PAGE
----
In the remaining five tracks (also recorded at The Archiduc, though on a different occasion), Clynes is accompanied by cellist Simon Lenski of Belgian chamber rock outfit DAAU on cello, with truly outstanding results. The distinctive sound of the instrument complements her voice, and allows her to display her full potential – as in the scintillating “Childhood Dreams” (dedicated to another influential figure in Clynes’ life, her aunt Yoka, who passed away while she was writing the album), with its breezy scat overtones. The 9-minute “Les Larmes” (the longest track on the album), dedicated to the Israeli-Palestinian conflict, is infused by a warm Spanish/Mediterranean feel enhanced by Susan’s lovely wordless vocalizing, while the cello, even with its occasionally strident, drawn-out tone, lends it an almost classical solemnity – which also emerges in the autumnal, Old-World-flavoured instrumental “Pigeon’s Intrusion”. In sharp contrast with the bright-eyed optimism of the title-track, “When You Are Dead” sounds hypnotic and ominous, with Clynes’ lower-pitched voice and the treated cello dipping and surging in unison in a blend of romanticism and tension – a pattern also displayed in haunting closing track “Butterflies”.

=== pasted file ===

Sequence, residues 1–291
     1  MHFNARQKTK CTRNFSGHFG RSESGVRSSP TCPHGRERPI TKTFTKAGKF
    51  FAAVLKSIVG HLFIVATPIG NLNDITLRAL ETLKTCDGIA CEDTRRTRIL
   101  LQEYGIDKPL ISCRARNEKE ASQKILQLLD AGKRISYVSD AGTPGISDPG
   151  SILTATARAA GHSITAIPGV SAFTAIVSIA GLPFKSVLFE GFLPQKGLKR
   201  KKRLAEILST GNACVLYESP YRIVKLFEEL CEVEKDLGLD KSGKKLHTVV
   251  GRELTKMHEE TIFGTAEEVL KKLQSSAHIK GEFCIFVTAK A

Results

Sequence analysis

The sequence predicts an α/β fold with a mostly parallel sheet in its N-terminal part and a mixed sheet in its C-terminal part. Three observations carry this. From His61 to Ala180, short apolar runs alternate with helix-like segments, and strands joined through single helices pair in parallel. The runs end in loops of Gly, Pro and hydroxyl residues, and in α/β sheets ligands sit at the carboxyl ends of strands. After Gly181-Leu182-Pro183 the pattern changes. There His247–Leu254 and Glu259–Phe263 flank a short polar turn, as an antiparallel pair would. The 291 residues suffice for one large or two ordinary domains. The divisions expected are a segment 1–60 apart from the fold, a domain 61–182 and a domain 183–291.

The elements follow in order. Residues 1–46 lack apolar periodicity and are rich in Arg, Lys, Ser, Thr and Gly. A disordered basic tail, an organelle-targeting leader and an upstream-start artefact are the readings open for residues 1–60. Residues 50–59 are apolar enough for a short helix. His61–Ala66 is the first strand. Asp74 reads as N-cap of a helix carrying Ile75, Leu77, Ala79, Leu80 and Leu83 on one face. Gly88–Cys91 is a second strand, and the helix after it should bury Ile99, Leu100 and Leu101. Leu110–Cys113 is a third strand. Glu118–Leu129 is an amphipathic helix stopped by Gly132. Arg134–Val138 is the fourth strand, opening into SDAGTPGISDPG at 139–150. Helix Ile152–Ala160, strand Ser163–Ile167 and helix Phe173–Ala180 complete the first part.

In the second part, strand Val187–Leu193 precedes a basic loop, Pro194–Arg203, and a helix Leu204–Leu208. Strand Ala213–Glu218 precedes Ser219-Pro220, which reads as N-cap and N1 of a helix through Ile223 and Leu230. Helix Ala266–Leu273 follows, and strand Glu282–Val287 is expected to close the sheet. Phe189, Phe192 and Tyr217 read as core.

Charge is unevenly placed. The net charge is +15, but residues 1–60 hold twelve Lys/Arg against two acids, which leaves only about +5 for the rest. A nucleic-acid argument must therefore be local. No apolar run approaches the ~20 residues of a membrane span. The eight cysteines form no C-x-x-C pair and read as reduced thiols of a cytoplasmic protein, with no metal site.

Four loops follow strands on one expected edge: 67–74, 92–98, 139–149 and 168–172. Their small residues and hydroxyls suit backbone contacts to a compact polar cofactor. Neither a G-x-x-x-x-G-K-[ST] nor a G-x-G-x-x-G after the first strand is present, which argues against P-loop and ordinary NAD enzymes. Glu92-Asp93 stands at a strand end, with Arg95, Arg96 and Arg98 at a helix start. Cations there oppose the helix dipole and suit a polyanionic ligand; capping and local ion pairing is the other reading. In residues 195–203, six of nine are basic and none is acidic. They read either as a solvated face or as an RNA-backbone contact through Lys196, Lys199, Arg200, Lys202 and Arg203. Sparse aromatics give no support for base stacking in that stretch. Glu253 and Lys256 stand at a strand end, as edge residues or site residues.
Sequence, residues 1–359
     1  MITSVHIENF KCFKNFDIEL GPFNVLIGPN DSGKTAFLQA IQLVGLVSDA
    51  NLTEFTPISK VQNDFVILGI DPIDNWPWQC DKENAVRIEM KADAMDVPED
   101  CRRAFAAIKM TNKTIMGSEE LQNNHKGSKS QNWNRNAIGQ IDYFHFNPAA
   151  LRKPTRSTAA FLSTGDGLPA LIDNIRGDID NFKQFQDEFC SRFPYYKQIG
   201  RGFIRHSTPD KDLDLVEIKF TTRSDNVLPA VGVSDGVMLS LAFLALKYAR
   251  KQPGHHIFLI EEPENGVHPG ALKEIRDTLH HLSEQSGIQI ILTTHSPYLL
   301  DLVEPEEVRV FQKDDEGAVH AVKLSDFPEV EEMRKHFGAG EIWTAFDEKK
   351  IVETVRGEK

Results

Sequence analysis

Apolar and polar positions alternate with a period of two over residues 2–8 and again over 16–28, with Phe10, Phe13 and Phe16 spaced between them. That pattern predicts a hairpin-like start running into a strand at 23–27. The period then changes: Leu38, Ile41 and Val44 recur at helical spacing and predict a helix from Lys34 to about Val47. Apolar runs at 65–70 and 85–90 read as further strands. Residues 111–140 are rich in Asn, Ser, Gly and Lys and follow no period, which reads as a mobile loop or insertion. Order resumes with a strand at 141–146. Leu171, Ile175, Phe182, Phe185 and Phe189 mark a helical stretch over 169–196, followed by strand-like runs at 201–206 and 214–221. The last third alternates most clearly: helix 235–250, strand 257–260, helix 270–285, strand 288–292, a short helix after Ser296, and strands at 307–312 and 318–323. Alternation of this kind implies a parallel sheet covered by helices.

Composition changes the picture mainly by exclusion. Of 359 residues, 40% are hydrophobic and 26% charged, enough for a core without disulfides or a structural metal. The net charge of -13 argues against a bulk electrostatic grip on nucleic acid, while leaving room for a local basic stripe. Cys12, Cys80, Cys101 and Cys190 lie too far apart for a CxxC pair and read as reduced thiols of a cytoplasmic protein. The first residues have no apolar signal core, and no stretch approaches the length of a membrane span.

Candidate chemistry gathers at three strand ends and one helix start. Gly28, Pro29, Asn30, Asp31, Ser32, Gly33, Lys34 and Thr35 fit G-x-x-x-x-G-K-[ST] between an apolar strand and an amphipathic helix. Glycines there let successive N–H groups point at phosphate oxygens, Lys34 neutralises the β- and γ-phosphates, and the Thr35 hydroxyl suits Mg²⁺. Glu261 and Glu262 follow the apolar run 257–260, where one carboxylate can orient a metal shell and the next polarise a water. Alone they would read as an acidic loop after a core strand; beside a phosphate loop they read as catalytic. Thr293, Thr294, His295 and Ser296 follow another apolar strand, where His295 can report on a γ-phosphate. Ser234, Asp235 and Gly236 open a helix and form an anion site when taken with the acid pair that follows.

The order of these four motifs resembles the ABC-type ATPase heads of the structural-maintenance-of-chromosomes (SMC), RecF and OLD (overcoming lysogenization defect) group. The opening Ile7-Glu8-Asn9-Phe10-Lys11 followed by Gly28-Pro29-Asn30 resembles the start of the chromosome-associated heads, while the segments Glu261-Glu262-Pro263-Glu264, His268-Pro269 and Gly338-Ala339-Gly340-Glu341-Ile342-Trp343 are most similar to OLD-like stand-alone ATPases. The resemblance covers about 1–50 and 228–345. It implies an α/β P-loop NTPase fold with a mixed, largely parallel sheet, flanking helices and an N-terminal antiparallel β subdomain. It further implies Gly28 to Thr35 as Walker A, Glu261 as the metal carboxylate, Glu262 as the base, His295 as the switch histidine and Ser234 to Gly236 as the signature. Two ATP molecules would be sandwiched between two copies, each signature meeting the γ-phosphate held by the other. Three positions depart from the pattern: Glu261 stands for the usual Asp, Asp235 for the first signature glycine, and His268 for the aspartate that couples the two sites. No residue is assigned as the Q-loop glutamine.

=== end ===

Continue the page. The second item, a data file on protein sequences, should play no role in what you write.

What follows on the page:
With a well-balanced running time of about one hour, plenty of melody, yet also ample room for more offbeat fare, Life Is… offers an accessible listening experience, yet with enough of an edge to appeal to listeners of a more adventurous bent. Packaged in an attractively minimalist cover showing a lovely photo of the artist’s face – embellished by clear gems that mirror the sparkling nature of her music – and the added interest value of Sid Smith’s impeccably penned liner notes, this album is already poised to become one of 2014’s highlights in terms of non-mainstream music releases.